Okay then! You made it to page two. Did you equip yourself with some coffee already? This will be a long and lengthy article.
Before we begin -- a new name change So with this launch you'll be hearing phrases like Core i3, Core i5 Core i7 and even Core i9. Some of you already know this. But several of you guys and gals will go 'huh?' Intel is attempting to simplify its Intel Core range of products, getting rid of confusing Core 2 Duo, Core 2 Quad and similar names in favor of simpler Core i3 and Core i5 designations joining the recently unveiled Core i7 chips.
It's very simple: Core i3 will be reserved for entry-level products, Core i5 for mid-range products and i7 for flagship offerings. And Core i9... well that remains to be discussed and to be announced.
Meet the new processors
Man, did we have to wait a long time for some new 'mainstream' more affordable yet spicy processors to arrive in the Intel processor arena. So hear me out, for this launch there will be three models released, all are quad-core processors and based on the new Lynnfield core (a separate SKU based off Intel's Nehalem family processor architecture) you've been hearing about for so long now, using the 45 nm fabrication process.
Intel is announcing three processors today:
Core i5 750 [2.66 GHz] 199 USD
Core i7 860 [2.80 GHz] 285 USD
Core i7 870 [2.93 GHz] 555 USD
Some key features:
Four x86 processing cores with support for HyperThreading technology
Dual-channel DDR3 memory controller specified to run DDR3-1066 and DDR3-1333 modules
Support for TurboBoost technology.
32 KB instruction + 32 KB data L1 cache per core
256 KB L2 cache per core
Large 8 MB L3 cache shared by all 4 cores
Three new processors, all are Nehalem architecture based, all have a new LGA 1156 socket design and all have the same Core i7 caches, the biggest phat one being a L3 cache of 8MB. All three LGA 1156 processors fall under codename Lynnfield, with Nehalem as the family designation. Intel will begin shipping the Core i5 750, Core i7 860 and Core i7 870 starting this week, with quad core clock-speeds of 2.66GHz, 2.8GHz and 2.93GHz. The three chips are to be priced at $199, $285 and $555 respectively.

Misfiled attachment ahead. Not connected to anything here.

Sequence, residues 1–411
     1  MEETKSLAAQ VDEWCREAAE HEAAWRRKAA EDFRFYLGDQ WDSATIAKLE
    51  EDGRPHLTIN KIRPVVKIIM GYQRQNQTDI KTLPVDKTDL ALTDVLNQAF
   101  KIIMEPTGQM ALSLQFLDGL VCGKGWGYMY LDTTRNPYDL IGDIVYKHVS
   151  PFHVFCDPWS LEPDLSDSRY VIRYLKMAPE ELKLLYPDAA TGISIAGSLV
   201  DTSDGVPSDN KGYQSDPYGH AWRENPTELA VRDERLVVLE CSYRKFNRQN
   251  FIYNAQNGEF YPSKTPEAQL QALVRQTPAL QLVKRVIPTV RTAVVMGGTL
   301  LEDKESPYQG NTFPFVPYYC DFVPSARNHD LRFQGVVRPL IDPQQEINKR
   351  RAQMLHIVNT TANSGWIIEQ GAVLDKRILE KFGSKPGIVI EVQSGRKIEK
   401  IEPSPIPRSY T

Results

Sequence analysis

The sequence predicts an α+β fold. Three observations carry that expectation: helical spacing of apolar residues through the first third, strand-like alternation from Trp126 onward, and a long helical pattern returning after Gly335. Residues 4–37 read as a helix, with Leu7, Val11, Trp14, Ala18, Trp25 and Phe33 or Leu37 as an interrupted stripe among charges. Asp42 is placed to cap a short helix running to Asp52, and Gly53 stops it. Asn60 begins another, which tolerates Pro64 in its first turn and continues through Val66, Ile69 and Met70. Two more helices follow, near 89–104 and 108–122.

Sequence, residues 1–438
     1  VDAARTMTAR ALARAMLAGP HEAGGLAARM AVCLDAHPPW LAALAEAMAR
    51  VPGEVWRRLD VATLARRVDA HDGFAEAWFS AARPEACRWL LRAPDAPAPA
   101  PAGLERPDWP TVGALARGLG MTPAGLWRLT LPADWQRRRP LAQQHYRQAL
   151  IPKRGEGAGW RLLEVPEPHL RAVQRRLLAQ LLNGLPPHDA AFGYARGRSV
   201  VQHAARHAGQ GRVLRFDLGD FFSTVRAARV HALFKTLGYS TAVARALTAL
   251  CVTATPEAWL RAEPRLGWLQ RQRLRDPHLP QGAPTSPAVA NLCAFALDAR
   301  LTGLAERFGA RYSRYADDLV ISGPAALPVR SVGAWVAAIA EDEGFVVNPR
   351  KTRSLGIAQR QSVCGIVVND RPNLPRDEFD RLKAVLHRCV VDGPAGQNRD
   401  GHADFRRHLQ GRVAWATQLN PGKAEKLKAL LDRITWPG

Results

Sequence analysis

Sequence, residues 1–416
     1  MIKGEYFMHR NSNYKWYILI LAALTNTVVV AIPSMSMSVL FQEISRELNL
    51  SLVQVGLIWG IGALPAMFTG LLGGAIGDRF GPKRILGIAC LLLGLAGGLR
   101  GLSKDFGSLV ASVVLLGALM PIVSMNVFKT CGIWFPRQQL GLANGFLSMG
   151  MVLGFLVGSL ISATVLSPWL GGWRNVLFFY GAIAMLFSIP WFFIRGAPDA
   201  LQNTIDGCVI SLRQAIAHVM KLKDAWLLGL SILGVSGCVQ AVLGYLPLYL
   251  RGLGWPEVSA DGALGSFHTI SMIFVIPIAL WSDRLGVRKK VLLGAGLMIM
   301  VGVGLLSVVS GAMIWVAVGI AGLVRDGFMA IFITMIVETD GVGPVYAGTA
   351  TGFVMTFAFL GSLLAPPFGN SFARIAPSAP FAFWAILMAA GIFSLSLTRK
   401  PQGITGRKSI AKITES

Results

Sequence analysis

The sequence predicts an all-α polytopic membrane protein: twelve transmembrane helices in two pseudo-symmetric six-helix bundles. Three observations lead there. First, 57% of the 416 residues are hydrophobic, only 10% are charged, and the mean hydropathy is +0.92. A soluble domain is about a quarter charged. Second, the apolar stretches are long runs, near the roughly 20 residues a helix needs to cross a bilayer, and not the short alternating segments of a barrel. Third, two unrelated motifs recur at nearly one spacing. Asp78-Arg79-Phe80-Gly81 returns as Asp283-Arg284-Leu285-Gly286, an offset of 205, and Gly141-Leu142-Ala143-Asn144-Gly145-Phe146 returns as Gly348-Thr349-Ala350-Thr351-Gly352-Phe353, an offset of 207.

Later on in early 2010 we'll see two energy saving versions of the Core i5 750s and Core i7 860s, running at 2.4GHz and 2.53GHz, but with 82W TDP rather than 95W.
Once we insert all the data into a chart, we can understand the product differentiation a little better:
What are the differences between Bloomfield based Core i7 processors and Lynnfield based Core i7 processors? Three things really, dual-channel memory support (not triple-channel), a new socket (1156) and multipliers are locked. So yes, from that perspective Lynnfield processors are definitely a small step back. But don't get scared just yet though, they are seriously fast.
Then you notice the new Lynnfield processor designated Core i5. What's the biggest difference in-between Core i7 and Core i5 you might ask? The Core i5 CPUs are physically the same as the Core i7 Lynnfield parts, yet are further limited. The Core i5 700 range will have the same 8MB L3 cache, VT-x virtual machines and LGA 1156 socket support as the Core i7, but lack the Hyper Threading technology that allows the Core i7 processors to effectively double their core-count to eight. The Core i5 750 is limited to dual-channel memory as well.
Core i5 750 maximum multiplier 20x133 = 2.66 GHz
Core i7 860 maximum multiplier 21x133 = 2.80 GHz
Core i7 870 maximum multiplier 22x133 = 2.93 GHz
So the more important differences are threefold, Lynnfield Nehalem processors are not classified as Extreme editions, and thus the multiplier will be locked, the 800 range will have Hyper Threading, the 700 series will not. Dual-channel memory instead of triple-channel memory and thus that new Socket change from LGA 1366 to LGA 1156.
There is an improvement to be found in Lynnfield's Turbo mode though. Let's go check it out.
KITT -- engage Turbo mode
Core i5 and Core i7 processors have something that is called 'Turbo mode'. Depending on CPU load one or more CPU cores will run above its advertised specification...
Much like the initial Turbo mode introduced for Core i7, the new Lynnfield processors have Turbo mode as well. It changed a little as there are several (five) steps in which the Turbo mode will be utilized.
Very simple: if one CPU thread is used only one processor core will automatically overclock in this order, Core i5 750 to 3.2GHz, the i7 860 to 3.46GHz and the i7 870 to an amazing 3.60GHz.
However look at the following image, if two threads are used on two cores, the Core i7 870 for example will then clock both cores at 3.4 GHz. And if there is massive CPU utilization on all four CPU cores, Turbo mode will still kick in at 3200 MHz (for the Core i7 870) on all active CPU cores.
So as you can see, Turbo mode now works in several configurations depending on load and multi-threaded applications. We like it very much, though you could also state that (example) the Core i7 870 advertised at 2.97 GHz really is a 3.2 GHz processor because that's its nominal processor speed with all four CPU cores maxed out, confusing... yeah we know.
But let's have a closer look at the architecture that defines Lynnfield... Nehalem.
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